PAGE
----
# udp error in VS2008

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I'm quite new at network programming, so maybe my question will sound silly. What happens is whenever my application exits, I get a a popup window from VS2008 saying:
Quote:
 Visual C++ 2008 Express Edition Windows has triggered a breakpoint in comm.exe. This may be due to a corruption of the heap, which indicates a bug in comm.exe or any of the DLLs it has loaded. This may also be due to the user pressing F12 while comm.exe has focus. The output window may have more diagnostic information."
This message happens only when I run the application in debug mode with the F5 key. If I start it without the debugger, then it exits without problems. Still, It can't really be a good sign to have a popup window like that in the debugger. I reduced my application to its simplest form. Here is a basic client that creates the bug. It doesn't require a server to reproduce the problem. But the server has the same problem.
#include <stdio.h>
#include <stdlib.h>
#include <winsock.h>
#include <process.h>

int main()
{
if (WSAStartup (MAKEWORD (2, 2), &WSAData))
{
WSACleanup ();
return (-1);
}

SOCKET s = socket(PF_INET, SOCK_DGRAM, IPPROTO_UDP);
int a = WSAGetLastError();
char nOn = 1;
setsockopt (s, SOL_SOCKET, SO_BROADCAST, (const char *)&nOn, sizeof (nOn));
return (-1);
int aa = WSAGetLastError();

if ( s != INVALID_SOCKET )
{

// send the data

}

closesocket( s );
WSACleanup ();

}


I can remove the broadcast mode, it doesn't change a thing. I removed the error check for simplification, but all functions return without error and WSAGetLastError says everything is fine too. However, I don't get the error if I don't do the "sendto" or if I don't bind the socket. But I need the socket to be bound for the server to know where the message comes from. Do you have an idea of the cause of this problem? Thanks

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You generally shouldn't bind to an arbitrary port on the client. Either set the port to 0 before you bind, or don't bind, and it will automatically bind when you do your first sendto().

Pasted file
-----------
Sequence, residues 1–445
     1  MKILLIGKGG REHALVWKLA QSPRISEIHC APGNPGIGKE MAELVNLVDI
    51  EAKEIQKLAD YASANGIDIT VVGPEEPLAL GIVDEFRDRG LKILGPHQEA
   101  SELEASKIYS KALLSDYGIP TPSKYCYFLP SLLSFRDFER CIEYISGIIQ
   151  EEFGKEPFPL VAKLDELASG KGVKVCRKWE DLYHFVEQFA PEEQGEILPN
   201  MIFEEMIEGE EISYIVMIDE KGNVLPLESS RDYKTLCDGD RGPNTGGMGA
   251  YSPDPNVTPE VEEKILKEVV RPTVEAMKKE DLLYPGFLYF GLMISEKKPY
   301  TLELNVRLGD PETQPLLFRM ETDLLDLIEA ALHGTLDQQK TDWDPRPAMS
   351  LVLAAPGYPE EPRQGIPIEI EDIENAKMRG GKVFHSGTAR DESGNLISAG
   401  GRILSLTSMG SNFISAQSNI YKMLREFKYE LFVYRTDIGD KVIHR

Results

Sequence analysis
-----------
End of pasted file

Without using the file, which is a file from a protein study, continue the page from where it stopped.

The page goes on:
The server will know where to send the packet from the address returned from recvfrom(). The port information for the client will be available there.

I would say, look at the parameters in your sendto call. Instead of passing a const char* straight in, trying passing in a char* mystring = "bleh" and do a strlen(mystring) for the data length param. That can help keep you out of trouble.

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Why shouldn't I bind to an arbitrary port on the client? And what does it do if I set the port to 0? I tried with the same result has before. So what you're saying is if I don't bind, the first send to will automatically do it for me? If so, then the system will decide a port number for me and that port number would be valid for answering from the server. Is that right?

That might work. But then on the server, I have exactly the same problem. In that case, I really have to preset a port number and to bind it. Otherwise I won't know where to send the data to on the client. The server will do the same error has if it receives data in recvfrom when it's time to clean up the port or to exit the program.